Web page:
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ELT Processing With Couchbase and N1QL

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ELT Processing With Couchbase and N1QL

Learn how to employ an extract-load-transform style data migration process using Couchbase's N1QL for data manipulation.

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Moving data between data sources is one of the key activities in data integration projects. Traditionally, techniques around data movement have been part of Data Warehouse, BI, and analytics. More recently, Big Data, Data Lakes, and Hadoop, have been frequent players in this area.

In this entry, we'll discuss how Couchbase's N1QL language can be used to make massive manipulation on the data in this kind of scenarios.

First, let us remember the two classical approaches when doing data movement:

ETL (Extract-Transform-Load): With this model, the data is extracted (from the original data source), transformed (data is reformatted to fit in the target system), and loaded (in the target data store).

ELT (Extract- Load-Transform): With this model, the data is extracted (from the original data source), then loaded in the same format in the target system. Then, we do a transformation in the target system to obtain the desired data format.

We will focus on an ELT exercise in this example. Let's do a simple export from a relational database and load the data into Couchbase. We will use Oracle Database as our input data source, with the classical HR schema example built in, which models a Human Resources department.

This is the source data model:

In the first step, we will load the data with the same structure. There is a free tool you can use to perform this initial migration here. At the end, we will have JSON documents mapping this table model:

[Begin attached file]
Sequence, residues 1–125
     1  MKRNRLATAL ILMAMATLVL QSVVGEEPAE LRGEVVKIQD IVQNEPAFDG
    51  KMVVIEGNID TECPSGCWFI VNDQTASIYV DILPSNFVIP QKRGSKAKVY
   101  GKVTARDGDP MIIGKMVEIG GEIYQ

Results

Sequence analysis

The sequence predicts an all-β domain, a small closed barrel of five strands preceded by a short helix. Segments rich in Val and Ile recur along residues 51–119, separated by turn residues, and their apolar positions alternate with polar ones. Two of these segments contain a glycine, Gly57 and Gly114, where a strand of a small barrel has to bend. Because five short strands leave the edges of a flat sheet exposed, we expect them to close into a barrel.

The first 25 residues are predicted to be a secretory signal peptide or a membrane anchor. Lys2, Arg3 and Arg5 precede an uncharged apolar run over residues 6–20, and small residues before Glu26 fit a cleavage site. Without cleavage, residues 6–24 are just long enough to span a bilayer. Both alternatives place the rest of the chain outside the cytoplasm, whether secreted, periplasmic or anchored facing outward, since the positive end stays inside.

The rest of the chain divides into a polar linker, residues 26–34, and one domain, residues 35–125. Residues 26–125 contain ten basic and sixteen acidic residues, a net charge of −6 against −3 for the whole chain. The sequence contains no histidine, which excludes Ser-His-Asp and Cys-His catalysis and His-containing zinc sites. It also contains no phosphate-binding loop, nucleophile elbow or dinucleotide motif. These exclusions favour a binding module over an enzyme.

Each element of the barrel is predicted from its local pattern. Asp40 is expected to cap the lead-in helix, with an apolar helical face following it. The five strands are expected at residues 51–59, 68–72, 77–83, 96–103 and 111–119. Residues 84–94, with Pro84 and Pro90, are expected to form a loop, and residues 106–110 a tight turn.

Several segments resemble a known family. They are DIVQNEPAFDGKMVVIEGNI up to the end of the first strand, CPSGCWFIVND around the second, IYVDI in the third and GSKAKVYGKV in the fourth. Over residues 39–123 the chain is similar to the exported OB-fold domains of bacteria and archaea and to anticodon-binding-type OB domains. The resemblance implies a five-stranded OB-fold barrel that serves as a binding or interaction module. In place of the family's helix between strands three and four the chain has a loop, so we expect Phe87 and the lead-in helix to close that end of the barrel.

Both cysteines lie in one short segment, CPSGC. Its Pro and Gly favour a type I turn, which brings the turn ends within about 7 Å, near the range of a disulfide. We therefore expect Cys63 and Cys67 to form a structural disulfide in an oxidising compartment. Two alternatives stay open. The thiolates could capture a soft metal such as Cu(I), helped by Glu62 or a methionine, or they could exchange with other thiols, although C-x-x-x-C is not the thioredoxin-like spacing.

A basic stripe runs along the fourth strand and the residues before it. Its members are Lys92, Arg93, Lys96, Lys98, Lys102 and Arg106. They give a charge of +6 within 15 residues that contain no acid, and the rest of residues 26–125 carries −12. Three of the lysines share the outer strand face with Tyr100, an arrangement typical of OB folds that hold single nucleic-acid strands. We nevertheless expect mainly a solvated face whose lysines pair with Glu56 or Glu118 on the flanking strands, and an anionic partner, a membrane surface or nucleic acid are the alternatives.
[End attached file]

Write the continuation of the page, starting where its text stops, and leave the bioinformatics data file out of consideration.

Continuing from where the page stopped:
For example, a location document will look like this:

    "street_address": "2017 Shinjuku-ku",
    "city": "Tokyo",
    "state_province": "Tokyo Prefecture",
    "postal_code": "1689",
    "type": "locations",
    "location_id": 1200,
    "country_id": "JP"

This was an easy first step. However, this mapping table-to-document is often a sign of bad design in the NoSQL world. In NoSQL, it's common to de-normalize your data in favor of a more direct access path, embedding referenced data. The goal is to minimize database interactions and joins, looking for the best performance.

Let's assume that our use case is driven by a frequent access to the whole job history for employees. We decide to change our design to this one:

For locations, we are joining in a single location document the referenced data for both country and region.

For the employee document, we will embed the department data and include an array with the whole job history for each employee. This array support in JSON is a good improvement over foreign key references and joins in the relational world.

For the job document, we will maintain the original table structure.

Now that we have extracted and loaded the data, we will transform into this model to finish our ELT example. How can we do this job? It's time for N1QL!

N1QL is the SQL-like language included with Couchbase for data access and manipulation. In this example, we will use two buckets: HR, which maps to the original Oracle HR schema, and HR_DNORM, which will hold our target document model.

We have already loaded our HR schema. The next step is to create a bucket named HR_DNORM. Then, we will create a primary index in this new bucket:


Now it is time to create the location documents. These documents are composed of original locations, country, and region documents:

INSERT INTO HR_DNORM (key _k, value _v) 
SELECT meta().id _k,
   "state_province":IFNULL(loc.state_province, null), 
 } as _v
JOIN HR ct ON KEYS "countries::" || loc.country_id